And I met a Palestinian man in a silver shop in Bethlehem who had been in a near-fatal car accident. Israeli paramedics were not required to treat him, but one did. An Israeli man held the Palestinian man’s gashed neck together for over an hour while they waited and transported him to safety. He said to me, “And now I believe that we are all people. Palestinian, Israeli, Christian, Muslim, Jew. And we have got to love each other.”


When Writers Date (Other Writers, Or in General)

In a college book group, I read Donald Hall’s collection Without, a poem cycle chronicling his wife Jane Kenyon’s battle with Leukemia and his first steps into mourning. The way they spent their days, quietly, Kenyon writing her poems downstairs and Hall writing his upstairs before sleeping together in the same bed, touched me. I remarked to my professor and fellow writer, “I think being with another writer would be fascinating.” She was not so sure, and reminded me how cranky we wordsmiths can be when our words just aren’t smithing, or when there are major social disasters that stir our hearts, or when our coffee is just too damn weak. Well, it happened. Is happening. I’m a writer, dating a writer. In the way of Buzzfeed’s numbered lists that are all the rage, here’s a list of what you can expect when writers date writers.

1. Flirting is hard.
Just ask Neil Gaiman, who has tried to help us, the bookish, get a little action. We’re too used to analyzing words to “just go with” a pick-up line, and too deep within the rain forests of our minds to recognize when someone is flirting with us. Or even likes us. We might be kings and queens of Show, Don’t Tell, but sometimes we just have to be told.

2. Important conversations can take place via text messaging or e-mails.
I know that having super-serious-talks should generally be reserved for face-to-face conversation, but when that’s not available, writers are already conscious of how wonky words can be, and therefore might be more careful and clear than the average texter. With these limits in mind, we’re also ever-ready to say, “Screw this, I’m just gonna call you.” This also has a tendency to lead to overly long text messages, but Verizon can handle it.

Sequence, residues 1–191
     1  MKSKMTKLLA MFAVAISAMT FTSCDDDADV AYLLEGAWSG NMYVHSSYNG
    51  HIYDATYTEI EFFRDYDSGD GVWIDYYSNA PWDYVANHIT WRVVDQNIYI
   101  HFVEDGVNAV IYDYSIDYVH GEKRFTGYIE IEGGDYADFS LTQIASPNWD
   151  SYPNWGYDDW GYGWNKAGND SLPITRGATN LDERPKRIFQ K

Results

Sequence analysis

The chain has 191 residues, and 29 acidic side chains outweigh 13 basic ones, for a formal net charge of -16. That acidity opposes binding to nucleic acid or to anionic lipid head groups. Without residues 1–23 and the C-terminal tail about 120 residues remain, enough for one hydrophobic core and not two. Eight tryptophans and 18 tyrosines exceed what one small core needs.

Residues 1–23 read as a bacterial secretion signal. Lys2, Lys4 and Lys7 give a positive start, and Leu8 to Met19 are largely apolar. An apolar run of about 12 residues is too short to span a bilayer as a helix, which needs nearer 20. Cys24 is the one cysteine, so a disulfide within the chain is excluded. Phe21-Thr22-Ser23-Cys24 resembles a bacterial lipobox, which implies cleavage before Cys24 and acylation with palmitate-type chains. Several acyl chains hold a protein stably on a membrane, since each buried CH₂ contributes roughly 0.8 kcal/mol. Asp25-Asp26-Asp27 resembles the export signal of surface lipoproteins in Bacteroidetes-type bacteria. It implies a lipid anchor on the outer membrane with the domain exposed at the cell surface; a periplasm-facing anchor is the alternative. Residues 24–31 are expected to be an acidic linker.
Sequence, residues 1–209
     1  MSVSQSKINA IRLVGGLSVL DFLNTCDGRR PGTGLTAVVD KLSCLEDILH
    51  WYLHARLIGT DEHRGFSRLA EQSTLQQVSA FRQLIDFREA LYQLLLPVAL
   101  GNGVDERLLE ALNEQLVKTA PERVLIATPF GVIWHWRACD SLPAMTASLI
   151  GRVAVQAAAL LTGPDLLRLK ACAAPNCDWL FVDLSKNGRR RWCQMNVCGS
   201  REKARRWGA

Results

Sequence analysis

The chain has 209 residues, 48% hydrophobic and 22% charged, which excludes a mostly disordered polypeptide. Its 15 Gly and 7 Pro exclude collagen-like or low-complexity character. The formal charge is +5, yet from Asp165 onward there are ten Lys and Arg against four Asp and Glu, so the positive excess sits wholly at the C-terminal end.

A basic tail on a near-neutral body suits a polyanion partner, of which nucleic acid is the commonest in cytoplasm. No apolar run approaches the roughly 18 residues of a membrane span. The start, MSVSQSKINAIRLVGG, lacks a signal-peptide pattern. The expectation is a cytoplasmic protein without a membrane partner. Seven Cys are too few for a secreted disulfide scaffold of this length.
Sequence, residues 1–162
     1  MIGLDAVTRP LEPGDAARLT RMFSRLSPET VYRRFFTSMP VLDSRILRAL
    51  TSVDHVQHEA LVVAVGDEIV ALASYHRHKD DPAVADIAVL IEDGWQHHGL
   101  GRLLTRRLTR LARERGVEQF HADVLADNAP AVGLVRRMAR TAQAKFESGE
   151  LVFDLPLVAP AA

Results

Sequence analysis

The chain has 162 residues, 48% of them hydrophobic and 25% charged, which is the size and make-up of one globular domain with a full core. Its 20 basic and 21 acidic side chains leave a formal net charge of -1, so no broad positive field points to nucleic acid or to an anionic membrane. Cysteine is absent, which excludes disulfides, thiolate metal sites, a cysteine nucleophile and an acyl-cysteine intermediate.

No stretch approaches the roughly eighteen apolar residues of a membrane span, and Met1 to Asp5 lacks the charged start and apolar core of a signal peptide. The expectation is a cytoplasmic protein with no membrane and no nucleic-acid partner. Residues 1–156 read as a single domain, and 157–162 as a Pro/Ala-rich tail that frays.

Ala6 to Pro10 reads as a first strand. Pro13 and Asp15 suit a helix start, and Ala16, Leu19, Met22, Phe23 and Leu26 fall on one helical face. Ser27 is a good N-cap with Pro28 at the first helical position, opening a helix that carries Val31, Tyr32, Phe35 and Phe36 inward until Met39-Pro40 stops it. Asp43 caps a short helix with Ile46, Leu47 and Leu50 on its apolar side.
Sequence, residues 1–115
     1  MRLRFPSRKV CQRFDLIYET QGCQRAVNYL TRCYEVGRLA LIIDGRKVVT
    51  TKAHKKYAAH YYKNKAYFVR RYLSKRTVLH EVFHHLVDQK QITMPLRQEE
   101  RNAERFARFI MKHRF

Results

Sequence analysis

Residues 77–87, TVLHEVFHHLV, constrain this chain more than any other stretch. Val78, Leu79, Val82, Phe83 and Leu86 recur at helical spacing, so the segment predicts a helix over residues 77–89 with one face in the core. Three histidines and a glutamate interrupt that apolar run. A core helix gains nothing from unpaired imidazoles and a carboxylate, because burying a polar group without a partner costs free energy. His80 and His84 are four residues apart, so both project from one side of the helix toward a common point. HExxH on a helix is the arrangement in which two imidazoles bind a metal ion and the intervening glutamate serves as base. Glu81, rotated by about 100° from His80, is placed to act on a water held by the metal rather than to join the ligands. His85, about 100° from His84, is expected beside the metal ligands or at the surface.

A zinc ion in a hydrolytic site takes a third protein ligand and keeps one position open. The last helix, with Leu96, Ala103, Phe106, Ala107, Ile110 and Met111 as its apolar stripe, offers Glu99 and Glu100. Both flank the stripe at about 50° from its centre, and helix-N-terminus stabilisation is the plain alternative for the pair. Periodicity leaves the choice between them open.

3. The best revenge is a hidden copy of The Chicago Manual of Style.
Just don’t hide it too well. You might need to borrow it later.

4. A successful date can include absolutely no talking.
When I say, “Hey, let’s go on a reading date,” we grab our books and hit a coffee shop. And read. I even pack headphones to drown out obnoxious music. Then, when we’ve reached good stopping points, we sigh, “Okay, I’m done.” And we pack up and walk quietly home.

5. Everyone’s a critic.
Really. My boyfriend will probably assess this blog post, pointing out its strengths and weaknesses, and we’ll have a conversation about which points are most true in our relationship. Writers are used to people ripping into to them, with love. So, if you’re not up for it, you gotta say so. We’re a bunch of well intentioned sharks.

6. Your fan club knows what’s up.
That said, even though your significant other could tear your life’s work apart, they probably won’t unless it’s really, truly, deeply awful and you need a dose of tough love that you won’t get from Grammy. It’s more likely that your partner actually likes and even respects your work. Imagine being in a relationship with someone whose work you couldn’t stand behind. So when that writer who I happen to have a serious crush on likes what I write, he’s specific and knowledgable, and that’s nice.

7. Passive-agressive Post-It notes are always well proofread.
Unless he’s just trying to piss you off that much more.

8. You don’t actually want to have a character based on you.
Or to inspire a poem. Trust me.

9. When he says, “I’m killing my darlings,”
you know he’s probably not coming for you next. It’s a figure of speech, a melodramatic way to say, “Hey, I’m editing and cutting out content I’m emotionally attached to. I need a hug and maybe a cookie. Later, after the massacre.”

10. You’re cynical about relationships and tell it like it is, while in love.
He might text that he’s writing in a cafe when a well-to-do middle-aged CEO walks in with, presumably, a mail-order Thai bride. And you (aka I), having watched numerous documentaries on this phenomenon, might reply that he shouldn’t be so harsh: “They are super in love. There’s no way their relationship is held together by mutual racial fetishes, his bank account, collagen, and Viagra. I would never say that. I love you!”

11. Those love letters.